Nelson began his journalism career writing articles for The New York Times, The New Republic and The Wall Street Journal. He spent five years at Christian Science Monitor Radio before joining the Washington bureau of CBS News in 1996. He worked as an associate producer for Lesley Stahl, but was later transferred to the New York office to work for Ed Bradley.
During his seven-year tenure at “60 Minutes,” Nelson served as an associate or co-producer on many news reports. In 2000, he was promoted to full-fledged producer, and worked on 20 segments, 15 of which were broadcast. Two received Emmy nominations.
Nelson regularly produced stories with correspondent Steve Kroft, including segments on disgraced journalist Stephen Glass, the New York State attorney general’s efforts to clean up Wall Street and the Sept. 11th terrorist attacks. He and Kroft also produced the feature, “All in the Family,” a story about how Kellogg Brown & Root, a division of the oil services company, Haliburton, scored a Pentagon contract for a major rebuilding job in Iraq. Haliburton is Vice President Dick Cheney’s former firm.

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Elliot Norton

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Categories: Media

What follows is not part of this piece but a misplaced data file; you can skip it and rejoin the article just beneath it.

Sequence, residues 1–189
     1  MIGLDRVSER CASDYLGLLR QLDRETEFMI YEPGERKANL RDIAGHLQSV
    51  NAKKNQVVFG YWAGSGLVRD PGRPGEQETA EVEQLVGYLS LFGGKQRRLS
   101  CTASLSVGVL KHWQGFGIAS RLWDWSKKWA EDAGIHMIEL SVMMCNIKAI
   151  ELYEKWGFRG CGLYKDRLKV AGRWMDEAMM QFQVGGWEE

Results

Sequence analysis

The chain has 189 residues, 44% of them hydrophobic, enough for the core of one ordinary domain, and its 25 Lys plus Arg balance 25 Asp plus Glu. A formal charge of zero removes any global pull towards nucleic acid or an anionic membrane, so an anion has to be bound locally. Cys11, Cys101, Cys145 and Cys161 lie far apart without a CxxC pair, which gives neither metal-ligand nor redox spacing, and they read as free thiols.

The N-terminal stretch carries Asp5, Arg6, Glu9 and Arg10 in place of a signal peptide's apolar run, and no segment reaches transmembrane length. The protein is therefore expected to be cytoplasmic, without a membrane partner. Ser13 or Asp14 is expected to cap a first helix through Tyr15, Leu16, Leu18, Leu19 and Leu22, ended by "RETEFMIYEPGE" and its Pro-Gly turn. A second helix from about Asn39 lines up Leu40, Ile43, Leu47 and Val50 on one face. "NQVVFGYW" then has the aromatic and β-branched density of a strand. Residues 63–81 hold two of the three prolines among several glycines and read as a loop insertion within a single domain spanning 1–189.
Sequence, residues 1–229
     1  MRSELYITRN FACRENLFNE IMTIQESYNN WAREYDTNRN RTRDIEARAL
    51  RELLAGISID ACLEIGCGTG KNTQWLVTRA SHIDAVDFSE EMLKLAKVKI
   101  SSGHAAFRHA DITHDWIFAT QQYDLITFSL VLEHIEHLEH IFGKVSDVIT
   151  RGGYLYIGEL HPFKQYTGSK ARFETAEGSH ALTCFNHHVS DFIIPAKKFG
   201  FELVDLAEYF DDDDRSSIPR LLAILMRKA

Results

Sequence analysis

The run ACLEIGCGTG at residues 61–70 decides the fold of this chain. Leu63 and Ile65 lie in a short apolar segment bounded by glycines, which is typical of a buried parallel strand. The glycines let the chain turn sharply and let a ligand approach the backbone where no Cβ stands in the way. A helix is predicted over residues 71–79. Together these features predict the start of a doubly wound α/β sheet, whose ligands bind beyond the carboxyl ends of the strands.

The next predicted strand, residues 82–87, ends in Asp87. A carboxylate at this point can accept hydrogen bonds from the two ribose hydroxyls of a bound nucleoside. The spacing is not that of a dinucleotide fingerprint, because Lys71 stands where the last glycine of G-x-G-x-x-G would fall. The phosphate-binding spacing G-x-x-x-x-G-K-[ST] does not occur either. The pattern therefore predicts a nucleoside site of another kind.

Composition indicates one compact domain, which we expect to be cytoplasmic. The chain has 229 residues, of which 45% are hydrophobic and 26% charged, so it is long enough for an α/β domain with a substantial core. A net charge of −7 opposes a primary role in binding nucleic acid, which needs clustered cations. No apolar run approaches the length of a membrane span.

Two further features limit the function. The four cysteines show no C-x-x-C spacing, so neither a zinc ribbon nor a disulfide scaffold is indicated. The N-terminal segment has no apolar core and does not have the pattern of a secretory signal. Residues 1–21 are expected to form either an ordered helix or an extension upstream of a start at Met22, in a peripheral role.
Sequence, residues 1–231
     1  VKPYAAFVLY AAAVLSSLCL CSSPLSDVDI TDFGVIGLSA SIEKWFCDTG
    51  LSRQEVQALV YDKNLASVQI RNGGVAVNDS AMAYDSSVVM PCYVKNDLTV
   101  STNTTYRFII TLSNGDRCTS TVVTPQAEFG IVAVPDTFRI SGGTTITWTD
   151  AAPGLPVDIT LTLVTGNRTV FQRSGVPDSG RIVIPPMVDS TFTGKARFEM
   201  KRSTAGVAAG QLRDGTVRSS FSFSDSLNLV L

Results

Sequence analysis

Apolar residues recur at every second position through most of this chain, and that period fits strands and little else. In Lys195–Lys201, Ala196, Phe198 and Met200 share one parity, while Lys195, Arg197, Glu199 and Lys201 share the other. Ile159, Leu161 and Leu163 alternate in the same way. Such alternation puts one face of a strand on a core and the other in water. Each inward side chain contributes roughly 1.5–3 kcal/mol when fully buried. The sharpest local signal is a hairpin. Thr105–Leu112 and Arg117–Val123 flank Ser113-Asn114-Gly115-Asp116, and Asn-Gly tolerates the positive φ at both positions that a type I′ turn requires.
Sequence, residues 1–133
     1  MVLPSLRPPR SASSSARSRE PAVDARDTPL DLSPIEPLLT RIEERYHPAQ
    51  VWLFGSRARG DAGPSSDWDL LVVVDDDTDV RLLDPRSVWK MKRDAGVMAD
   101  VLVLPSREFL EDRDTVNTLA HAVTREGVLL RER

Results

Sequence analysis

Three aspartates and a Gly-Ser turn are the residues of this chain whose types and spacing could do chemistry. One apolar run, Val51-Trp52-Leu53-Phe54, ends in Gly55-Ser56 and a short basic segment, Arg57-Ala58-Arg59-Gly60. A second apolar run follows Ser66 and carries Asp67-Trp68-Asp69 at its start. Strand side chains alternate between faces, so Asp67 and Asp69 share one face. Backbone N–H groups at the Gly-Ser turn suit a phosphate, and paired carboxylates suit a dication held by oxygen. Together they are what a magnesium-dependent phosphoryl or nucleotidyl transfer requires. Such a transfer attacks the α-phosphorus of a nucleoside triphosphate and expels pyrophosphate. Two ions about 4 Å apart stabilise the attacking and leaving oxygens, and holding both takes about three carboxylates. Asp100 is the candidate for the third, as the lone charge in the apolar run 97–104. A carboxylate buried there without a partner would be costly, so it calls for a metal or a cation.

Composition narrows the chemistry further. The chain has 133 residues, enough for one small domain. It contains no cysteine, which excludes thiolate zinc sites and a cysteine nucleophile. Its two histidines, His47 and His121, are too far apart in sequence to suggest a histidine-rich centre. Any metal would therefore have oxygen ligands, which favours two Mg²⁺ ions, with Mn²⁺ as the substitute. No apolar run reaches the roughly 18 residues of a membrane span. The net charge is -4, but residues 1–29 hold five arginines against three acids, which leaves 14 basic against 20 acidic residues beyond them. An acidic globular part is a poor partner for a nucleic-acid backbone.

William Elliot Norton, the veteran Boston theatre critic, died on July 20. Cause of death was not released. He was 100.
After graduating from Harvard College, Norton spent 48 years reviewing theatre for The Boston Post, The Boston Record American and The Boston Herald American (now The Boston Herald). He published almost 6,000 reviews, earning him the nickname, “The Dean of American Theatre Critics.”
Norton hosted the “Elliot Norton Reviews” talk show for 24 years on the public television station in Boston, and wrote the book, “Broadway Down East,” for the Boston Public Library.
Norton won a special Tony Award for his coverage of theatre and was voted into the Theater Hall of Fame by the American Theater Critics Association. The Elliot Norton Awards were established in 1982 to honor theatre performed in the Boston area.
“Theater was Elliot’s religion, and no production, however awful, could shake his profound faith. He was the exemplary critic, never an adversary, always a friend,” said Robert Brustein, retired artistic director at the American Repertory Theatre.

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Bobby Harper

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Categories: Media

bharper.jpgBobby “Skinny” Harper, the radio personality who inspired the television character, Dr. Johnny Fever on “WKRP in Cincinnati,” died on July 22 of lung cancer. He was 64.
Harper’s first on-air job was doing the news for the public address system at William Jewell College. Since the 1960s, Harper has produced radio shows in Peoria, Ill., Detroit and Atlanta.
His antics — like riding a wild bull and bellyflopping into a giant ice cream sundae — were popular with listeners but occasionally crossed the line with his employers. Known for his left-wing political speeches and racy humor, Harper was fired several times for his on-air comments.
Audio of Skinny Bobby on the Radio